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Lloydminster Spring Sprint May 29 Brings Together Brain Tumour Survivors

May 25, 2011

In less than one year, Veronica Bailey has traveled a wild emotional and physical journey that has taken her from comfortable retiree to brain tumour survivor and research fundraiser. Today, this journey has brought Veronica to a place of comfort and hope as she plans to participate in the annual Lloydminster Spring Sprint on Sunday, May 29 at Bud Miller Park.

Veronica’s symptoms such as vision trouble began in the fall of 2009 but they were attributed to stress and when they appeared to go away, this explanation seemed appropriate. When she began to experience balance issues during yoga practice, her doctor became concerned and sent her to a neurosurgeon. In hindsight, the symptoms were there. “My husband noticed I was slowing down in my movements and was having a lack of focus for about a year before they found the tumour,” recalls Veronica. “After my friends found out, they said they noticed changes in me, in particular my speech, which I had put off to age.”

While her symptoms were subtle, the neurosurgeon was concerned and within five days she underwent a CT scan. Then, on the Friday before the long holiday weekend in May 2010 she was told she had a brain tumour. It was a large (five centimeter) Meningioma, which had displaced most of her right frontal lobe, explaining her symptoms. The tumour needed to be removed. “It was a huge shock and decision to make and over the long weekend. I decided to get the surgery as quickly as possible,” says Veronica. “I turned to my husband and children and they were very optimistic that I’d get through it.”

While her family was optimistic, there were still fears. “I would break down and cry very easily. I was scared of being brain damaged and becoming a burden on my family. My daughters are in their twenties and it saddened me that I might not be a part of their lives. I also didn’t want to face the prospect of dealing with cancer. I thought I would be stoic, but I wasn’t,” recalls Veronica.

The following Thursday Veronica underwent her surgery where the tumour was removed and determined to be non-malignant. While she did experience some short term muscle memory issues due to swelling, she has recovered from that and life is now returning to normal. Veronica is hopeful for the future and she wants to share it with others, “Don’t give up hope: I had a brain tumour and going through surgery wasn’t a horrible experience.”

This hope extends to the importance of research and so she is supporting Brain Tumour Foundation of Canada’s Spring Sprint. She says, “I’m participating along with my yoga teacher because we have to keep fighting for a cure.” Lloydminster’s Spring Sprint, Brain Tumour Foundation of Canada’s national fundraising walkathon program, features a 5km route for walkers, joggers and runners starting from Bud Miller All Seasons Park. The event is run by a dedicated group of local volunteers who are determined to improve the lives of those affected by a brain tumour. The national goal this year is to raise $1.5 million to fund research into the cause and better treatments for brain tumours.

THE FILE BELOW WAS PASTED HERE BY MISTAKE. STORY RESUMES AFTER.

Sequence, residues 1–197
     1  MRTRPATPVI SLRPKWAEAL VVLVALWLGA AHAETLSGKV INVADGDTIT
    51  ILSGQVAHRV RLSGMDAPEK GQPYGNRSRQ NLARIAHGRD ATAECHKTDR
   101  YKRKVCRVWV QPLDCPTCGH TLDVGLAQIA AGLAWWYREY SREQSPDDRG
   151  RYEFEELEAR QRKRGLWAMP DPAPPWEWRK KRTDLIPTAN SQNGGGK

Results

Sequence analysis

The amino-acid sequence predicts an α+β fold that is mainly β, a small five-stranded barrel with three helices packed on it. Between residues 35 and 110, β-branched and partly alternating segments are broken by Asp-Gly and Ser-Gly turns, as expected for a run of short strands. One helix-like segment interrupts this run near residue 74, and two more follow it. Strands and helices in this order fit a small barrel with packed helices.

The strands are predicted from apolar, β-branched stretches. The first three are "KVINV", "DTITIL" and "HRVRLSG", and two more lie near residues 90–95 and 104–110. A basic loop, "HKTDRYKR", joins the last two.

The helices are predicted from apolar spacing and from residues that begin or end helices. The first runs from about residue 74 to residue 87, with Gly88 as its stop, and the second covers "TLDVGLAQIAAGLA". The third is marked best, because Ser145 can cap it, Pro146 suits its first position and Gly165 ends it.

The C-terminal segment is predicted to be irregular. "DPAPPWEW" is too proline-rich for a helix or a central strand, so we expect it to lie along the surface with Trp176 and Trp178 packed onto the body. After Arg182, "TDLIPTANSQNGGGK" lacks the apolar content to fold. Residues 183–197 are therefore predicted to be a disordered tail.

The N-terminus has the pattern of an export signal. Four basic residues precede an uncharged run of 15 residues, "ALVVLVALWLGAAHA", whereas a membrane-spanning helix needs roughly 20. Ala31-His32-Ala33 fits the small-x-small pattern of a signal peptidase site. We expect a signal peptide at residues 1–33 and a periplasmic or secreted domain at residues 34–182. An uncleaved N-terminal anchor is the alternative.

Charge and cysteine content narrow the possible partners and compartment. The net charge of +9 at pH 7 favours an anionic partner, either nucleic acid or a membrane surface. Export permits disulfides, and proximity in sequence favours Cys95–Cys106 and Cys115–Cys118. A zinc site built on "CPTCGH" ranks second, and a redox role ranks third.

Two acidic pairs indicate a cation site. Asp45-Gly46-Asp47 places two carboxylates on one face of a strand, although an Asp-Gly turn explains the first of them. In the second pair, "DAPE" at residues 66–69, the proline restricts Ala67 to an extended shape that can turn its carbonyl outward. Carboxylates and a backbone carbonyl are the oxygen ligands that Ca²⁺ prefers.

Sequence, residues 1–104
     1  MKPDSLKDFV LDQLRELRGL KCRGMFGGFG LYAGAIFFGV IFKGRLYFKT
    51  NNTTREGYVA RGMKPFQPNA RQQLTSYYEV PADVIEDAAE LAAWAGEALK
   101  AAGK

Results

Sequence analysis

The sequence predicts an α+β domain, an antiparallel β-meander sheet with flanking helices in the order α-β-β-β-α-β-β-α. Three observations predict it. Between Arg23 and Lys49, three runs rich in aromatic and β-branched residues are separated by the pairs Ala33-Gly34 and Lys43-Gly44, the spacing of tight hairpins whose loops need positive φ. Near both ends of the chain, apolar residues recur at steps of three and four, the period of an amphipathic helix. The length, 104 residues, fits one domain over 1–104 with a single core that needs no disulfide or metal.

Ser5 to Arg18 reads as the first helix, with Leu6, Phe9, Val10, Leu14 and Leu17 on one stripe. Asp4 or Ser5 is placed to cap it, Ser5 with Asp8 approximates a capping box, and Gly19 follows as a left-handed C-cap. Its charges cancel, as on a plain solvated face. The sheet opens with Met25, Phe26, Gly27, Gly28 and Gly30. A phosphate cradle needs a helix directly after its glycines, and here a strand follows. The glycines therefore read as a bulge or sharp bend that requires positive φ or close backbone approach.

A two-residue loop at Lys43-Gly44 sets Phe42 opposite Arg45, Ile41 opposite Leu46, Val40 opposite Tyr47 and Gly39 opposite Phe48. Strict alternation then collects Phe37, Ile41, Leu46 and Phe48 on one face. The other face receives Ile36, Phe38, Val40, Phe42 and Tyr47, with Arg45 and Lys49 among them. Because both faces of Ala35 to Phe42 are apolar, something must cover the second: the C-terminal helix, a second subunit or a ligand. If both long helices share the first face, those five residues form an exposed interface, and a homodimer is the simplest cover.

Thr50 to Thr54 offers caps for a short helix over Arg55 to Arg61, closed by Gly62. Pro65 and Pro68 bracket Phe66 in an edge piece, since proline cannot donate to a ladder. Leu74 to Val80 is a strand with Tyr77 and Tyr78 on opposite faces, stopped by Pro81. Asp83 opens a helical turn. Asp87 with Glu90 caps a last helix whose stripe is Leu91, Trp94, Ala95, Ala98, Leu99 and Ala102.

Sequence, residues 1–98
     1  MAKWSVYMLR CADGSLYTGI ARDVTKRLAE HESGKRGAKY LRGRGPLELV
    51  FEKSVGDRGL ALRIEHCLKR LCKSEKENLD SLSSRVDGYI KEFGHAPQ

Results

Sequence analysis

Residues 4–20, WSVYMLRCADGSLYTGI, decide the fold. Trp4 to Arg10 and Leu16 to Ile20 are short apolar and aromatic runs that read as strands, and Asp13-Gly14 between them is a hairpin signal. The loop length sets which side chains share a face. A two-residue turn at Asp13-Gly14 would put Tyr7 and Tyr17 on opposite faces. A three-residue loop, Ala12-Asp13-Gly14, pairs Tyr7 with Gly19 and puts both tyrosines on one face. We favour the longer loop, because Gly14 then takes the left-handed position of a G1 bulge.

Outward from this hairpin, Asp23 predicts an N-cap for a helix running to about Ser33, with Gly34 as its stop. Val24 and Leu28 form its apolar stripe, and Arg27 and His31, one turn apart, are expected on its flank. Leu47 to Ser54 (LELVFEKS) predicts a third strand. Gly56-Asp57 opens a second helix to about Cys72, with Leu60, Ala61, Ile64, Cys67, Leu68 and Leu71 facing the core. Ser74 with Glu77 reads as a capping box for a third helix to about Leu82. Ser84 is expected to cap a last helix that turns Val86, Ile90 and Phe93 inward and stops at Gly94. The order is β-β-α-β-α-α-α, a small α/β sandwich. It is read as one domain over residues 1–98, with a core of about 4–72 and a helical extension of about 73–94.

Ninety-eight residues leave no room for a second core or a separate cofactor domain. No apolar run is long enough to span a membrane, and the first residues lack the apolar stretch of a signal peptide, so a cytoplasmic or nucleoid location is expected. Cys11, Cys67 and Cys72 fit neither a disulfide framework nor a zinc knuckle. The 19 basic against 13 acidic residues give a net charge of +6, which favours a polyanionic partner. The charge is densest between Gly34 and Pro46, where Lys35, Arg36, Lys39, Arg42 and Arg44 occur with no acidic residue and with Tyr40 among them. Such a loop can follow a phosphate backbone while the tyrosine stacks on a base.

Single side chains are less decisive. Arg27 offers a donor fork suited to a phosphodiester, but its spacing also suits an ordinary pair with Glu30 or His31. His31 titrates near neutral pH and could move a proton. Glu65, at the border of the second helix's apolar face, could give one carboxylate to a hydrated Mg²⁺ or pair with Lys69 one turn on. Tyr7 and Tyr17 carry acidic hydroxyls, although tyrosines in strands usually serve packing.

“The prospect for all of the research that will be conducted as a result of the funds raised is very exciting,” says Susan Marshall, Executive Director of Brain Tumour Foundation of Canada. “Our vision is to find a cure for brain tumours and to improve the quality of life for those affected and we all move closer to this reality with the efforts of Spring Sprint.”

Donations also support important education, information, and support for the estimated 55,000 Canadians affected by brain tumours such as: one-on-one support available via telephone or email, resources for adult and pediatric patients (available in both official languages) and education opportunities. Patient care is improved with health care professional in-services and workshops at local treatment centres. Patients benefit from the toll free information and support line, information such as Patient Resource Handbooks and the newly launched website These programs and services are run by Brain Tumour Foundation of Canada with the vision to find the cause of and cure for brain tumours while improving the quality of life for those affected. Brain Tumour Foundation of Canada was founded in London, ON in 1982.

“My hope is that this research will find a cure. Any donations are important because that’s the way medical discoveries are made,” says Veronica. “Being active and being with others who have had similar experiences, sharing your experience is better than not and you’re part of a group that’s working together.”

Event: Spring Sprint for Brain Tumour Foundation of Canada
5km walk and run for walkers, joggers and runners.
Dates: Sunday, May 29, 2011: Check-in: 10:00 a.m. & Start: 11:00 a.m.
Location: Bud Miller All Seasons Park, 2902 - 59 Avenue, Lloydminster, AB, T9V 0W2
Register: or 1 800 265 5106

For more information contact:
Megan Winkler
Marketing and Communications Specialist
Brain Tumour Foundation of Canada
Phone: 1-800-265-5106 x 232

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Brain Tumour Foundation of Canada


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